from The American Heritage® Dictionary of the English Language, 4th Edition
- transitive v. To mar or spoil the appearance or surface of; disfigure.
- transitive v. To impair the usefulness, value, or influence of.
- transitive v. Obsolete To obliterate; destroy.
from Wiktionary, Creative Commons Attribution/Share-Alike License
- v. To damage something, especially a surface, in a visible or conspicuous manner.
- v. To void or devalue; to nullify or degrade the face value.
- v. To alter a coat of arms or a flag by adding an element to it.
from the GNU version of the Collaborative International Dictionary of English
- transitive v. To destroy or mar the face or external appearance of; to disfigure; to injure, spoil, or mar, by effacing or obliterating important features or portions of
- transitive v. To destroy; to make null.
from The Century Dictionary and Cyclopedia
- To mar the face or surface of; disfigure; spoil the appearance of: as, to deface a monument.
- To impair or efface; blot or blot out; erase; obliterate; cancel: as, to deface an inscription; to deface a record.
from WordNet 3.0 Copyright 2006 by Princeton University. All rights reserved.
- v. mar or spoil the appearance of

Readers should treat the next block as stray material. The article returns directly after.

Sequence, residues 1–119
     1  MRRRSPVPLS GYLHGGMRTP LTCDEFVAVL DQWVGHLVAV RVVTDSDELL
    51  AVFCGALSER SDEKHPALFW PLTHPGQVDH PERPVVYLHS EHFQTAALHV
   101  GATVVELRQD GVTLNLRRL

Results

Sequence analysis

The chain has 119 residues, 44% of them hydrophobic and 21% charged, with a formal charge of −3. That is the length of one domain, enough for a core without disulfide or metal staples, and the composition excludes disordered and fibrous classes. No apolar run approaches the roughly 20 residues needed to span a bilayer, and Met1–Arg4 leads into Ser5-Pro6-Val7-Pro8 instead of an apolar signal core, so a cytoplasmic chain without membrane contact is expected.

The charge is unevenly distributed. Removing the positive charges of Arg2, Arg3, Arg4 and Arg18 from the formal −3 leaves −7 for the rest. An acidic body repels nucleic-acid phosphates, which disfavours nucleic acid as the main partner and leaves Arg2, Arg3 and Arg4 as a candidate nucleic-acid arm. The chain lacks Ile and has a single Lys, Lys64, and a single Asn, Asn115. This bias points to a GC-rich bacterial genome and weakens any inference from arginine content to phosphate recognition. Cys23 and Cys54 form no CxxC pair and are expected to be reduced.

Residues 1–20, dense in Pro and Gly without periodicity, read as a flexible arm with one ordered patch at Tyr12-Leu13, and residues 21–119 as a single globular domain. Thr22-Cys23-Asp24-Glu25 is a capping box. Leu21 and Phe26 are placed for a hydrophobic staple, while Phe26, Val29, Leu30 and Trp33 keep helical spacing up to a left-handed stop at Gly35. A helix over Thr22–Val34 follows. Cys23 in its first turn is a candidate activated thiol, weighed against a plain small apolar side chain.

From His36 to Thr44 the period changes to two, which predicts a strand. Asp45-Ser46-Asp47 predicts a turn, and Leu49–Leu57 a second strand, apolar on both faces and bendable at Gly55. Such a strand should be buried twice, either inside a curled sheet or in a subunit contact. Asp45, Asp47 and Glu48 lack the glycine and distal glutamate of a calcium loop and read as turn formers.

a collision course with nature – to deface or not to deface, that is the question.
Lots of Christians purposely "deface" their own Bibles.
It will be observed, that the word "deface," employed in this statute, actually covers the marking of margins by any reader, all such marking constituting a defacement within the meaning of the law.
Ashurnasirbal calls upon the triad not to listen to the prayers of such as deface his monuments.
Eileen Leuby, a resident of James River Road who also serves as president of the New Albany Chamber of Commerce, said the T-Mobile unit atop the AEP tower would "deface" the tower and the surrounding area.
But one objector from Solvang in California, said that the plans would "deface" the tarn's landscape.
You, however, seem to have found need of twisting my words to make it seem as though I were letting those who pollute and/or deface the landscape in any other way off the hook.
But far less talented graffiti vandals won't deface the work of professional graffiteros.
But like the hookers plying their trade in mini skirt collectives along infamous thoroughfares such as Sullivan and Tlalpan, the rule of law doesn't seem to stand in the way of anyone with a can of spray paint inclined to deface a wall.
Christopher Hitchens decided to deface a sign bearing a swastika in Beirut.